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SNP accused of twisting Brexit poll to boost support for independence

UK News | Published:

Scotland in Union criticised the party over its interpretation of research by Survation.

The European, Scottish and British flags outside Holyrood.

SNP bosses “manipulated” polling figures and tried to “weaponise Brexit” as they claimed majority support for independence, pro-UK campaigners have suggested.

The campaign group Scotland in Union hit out at at the SNP’s interpretation of a survey that showed more than a third of Scots were more likely to back leaving the UK as a result of Brexit .

The SNP said its analysis of the Survation poll showed this could be a narrow majority for independence if there was a second referendum.

Party depute leader Keith Brown claimed the “chaos and despair” of Brexit significant had resulted in a “significant  swell in support for Scotland taking all decisions over our future for ourselves”.

SNP strategist Ross Colquhoun tweeted the “figures would mean a majority of 51.39% for independence, with 48.61% against”.

Survation, which questioned 1,725 people in Scotland as part of a much larger survey, made clear afterwards there was “no Scottish Indy Ref voting intention” included in their research.

Pamela Nash, the chief executive of the pro-UK campaign group Scotland in Union,  said: “There are red faces all around at SNP HQ following this blunder.”

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The former Labour MP added: “This desperate attempt to manipulate a poll has backfired and SNP deputy leader Keith Brown should apologise and set the record straight.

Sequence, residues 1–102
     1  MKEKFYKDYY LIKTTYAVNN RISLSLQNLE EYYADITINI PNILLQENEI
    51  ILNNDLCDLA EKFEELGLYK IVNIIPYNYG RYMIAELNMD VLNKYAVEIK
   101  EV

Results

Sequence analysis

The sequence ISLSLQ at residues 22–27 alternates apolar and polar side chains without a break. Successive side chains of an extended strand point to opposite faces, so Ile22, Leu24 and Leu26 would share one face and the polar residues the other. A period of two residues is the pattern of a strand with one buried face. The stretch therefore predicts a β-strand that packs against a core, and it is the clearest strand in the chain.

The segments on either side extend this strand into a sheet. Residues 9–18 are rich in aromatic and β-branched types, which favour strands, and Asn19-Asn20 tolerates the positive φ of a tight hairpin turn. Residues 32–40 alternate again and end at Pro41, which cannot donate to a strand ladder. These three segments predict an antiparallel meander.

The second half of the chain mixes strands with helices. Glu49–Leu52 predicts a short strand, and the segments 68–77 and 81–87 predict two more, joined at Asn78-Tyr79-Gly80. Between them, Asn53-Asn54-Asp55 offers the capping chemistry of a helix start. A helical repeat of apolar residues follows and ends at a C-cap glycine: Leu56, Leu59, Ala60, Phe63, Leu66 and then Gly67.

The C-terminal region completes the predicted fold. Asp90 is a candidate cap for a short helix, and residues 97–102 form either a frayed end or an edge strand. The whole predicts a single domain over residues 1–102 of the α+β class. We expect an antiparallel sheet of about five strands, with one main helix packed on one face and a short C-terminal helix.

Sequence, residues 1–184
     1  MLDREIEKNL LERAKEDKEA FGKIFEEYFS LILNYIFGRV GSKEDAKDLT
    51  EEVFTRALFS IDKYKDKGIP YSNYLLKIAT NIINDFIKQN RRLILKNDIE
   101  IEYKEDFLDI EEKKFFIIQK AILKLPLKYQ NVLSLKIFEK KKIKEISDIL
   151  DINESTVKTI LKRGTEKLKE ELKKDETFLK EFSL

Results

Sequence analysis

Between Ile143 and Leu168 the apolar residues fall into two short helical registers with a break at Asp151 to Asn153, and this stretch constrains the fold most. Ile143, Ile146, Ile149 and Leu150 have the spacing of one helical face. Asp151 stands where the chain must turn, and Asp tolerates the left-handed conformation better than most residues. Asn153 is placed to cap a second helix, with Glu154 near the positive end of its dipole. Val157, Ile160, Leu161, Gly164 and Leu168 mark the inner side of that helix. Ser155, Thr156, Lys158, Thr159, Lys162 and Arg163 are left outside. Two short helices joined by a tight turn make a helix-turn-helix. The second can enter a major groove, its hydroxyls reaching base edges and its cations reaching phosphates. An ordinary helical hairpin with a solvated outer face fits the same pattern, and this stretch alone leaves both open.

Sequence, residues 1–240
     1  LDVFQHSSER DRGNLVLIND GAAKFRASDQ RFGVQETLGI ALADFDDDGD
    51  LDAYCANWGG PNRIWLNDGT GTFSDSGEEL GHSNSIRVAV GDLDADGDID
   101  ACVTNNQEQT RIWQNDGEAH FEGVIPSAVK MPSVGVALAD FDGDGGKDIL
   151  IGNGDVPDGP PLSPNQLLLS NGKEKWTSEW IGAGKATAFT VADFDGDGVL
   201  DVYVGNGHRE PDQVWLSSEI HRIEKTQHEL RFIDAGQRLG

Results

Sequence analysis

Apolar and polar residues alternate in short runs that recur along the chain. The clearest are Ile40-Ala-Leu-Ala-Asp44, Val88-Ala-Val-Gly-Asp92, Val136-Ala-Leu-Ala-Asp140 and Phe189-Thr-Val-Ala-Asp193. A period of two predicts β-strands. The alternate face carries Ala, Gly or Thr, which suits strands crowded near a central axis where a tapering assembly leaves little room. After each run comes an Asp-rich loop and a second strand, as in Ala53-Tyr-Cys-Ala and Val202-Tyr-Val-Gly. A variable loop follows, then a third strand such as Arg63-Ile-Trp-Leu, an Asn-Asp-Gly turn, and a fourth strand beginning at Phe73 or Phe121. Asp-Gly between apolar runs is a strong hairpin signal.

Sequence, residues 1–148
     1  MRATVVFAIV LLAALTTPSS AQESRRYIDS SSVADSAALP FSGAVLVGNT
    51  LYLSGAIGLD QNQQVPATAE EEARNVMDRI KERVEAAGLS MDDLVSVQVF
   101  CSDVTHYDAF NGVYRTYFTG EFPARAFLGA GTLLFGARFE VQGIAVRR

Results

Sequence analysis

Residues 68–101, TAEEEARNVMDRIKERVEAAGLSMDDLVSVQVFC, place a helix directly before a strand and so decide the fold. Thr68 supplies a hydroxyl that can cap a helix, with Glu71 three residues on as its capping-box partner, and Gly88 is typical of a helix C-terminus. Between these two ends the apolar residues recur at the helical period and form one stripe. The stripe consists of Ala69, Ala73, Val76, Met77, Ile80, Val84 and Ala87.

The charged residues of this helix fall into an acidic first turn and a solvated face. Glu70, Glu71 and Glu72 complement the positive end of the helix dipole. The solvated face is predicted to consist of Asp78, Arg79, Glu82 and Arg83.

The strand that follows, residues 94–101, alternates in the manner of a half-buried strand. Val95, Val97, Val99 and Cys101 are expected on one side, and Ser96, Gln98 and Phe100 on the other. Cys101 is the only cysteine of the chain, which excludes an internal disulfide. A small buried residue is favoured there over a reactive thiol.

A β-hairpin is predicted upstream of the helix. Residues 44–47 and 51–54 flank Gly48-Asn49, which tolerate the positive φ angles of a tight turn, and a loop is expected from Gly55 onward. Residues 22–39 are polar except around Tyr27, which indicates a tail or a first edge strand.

“The SNP is weaponising Brexit to focus on the only thing it cares about – independence.

“This is an important reminder for Remain voters in Scotland that the Nationalists want to use your vote to break up the UK. Whatever your views on Brexit, independence is not the answer.”

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Survation asked people in Scotland how Brexit would affect their vote in an independence referendum, with 37.8% saying they were now more likely to back leaving the UK, including  just over 26% who were “much more likely” to do so.

Meanwhile, 25.4% said they were more likely to vote to stay in Britain, while 30.6% said they were neither more or less likely and 6.2% did not know.

The SNP said if that was applied to the result of the 2014 referendum – in which Scots voted by 55% to 45% to stay in the union –  it could result in a 51.39% vote for independence, with 48.61% against.

An SNP spokesman said: “As the chaos and despair at Westminster’s handling of Brexit continues, more and more people are drawn to the hope for the future that independence offers.

“This poll is extremely encouraging for the SNP, but must make dire reading for Labour and the Tories. No wonder they’re so riled and in complete denial of the fact that support for independence is on the rise.”

The party also said the Survation study showed Scotland as a country was more supportive of immigration than the other nations in the UK.

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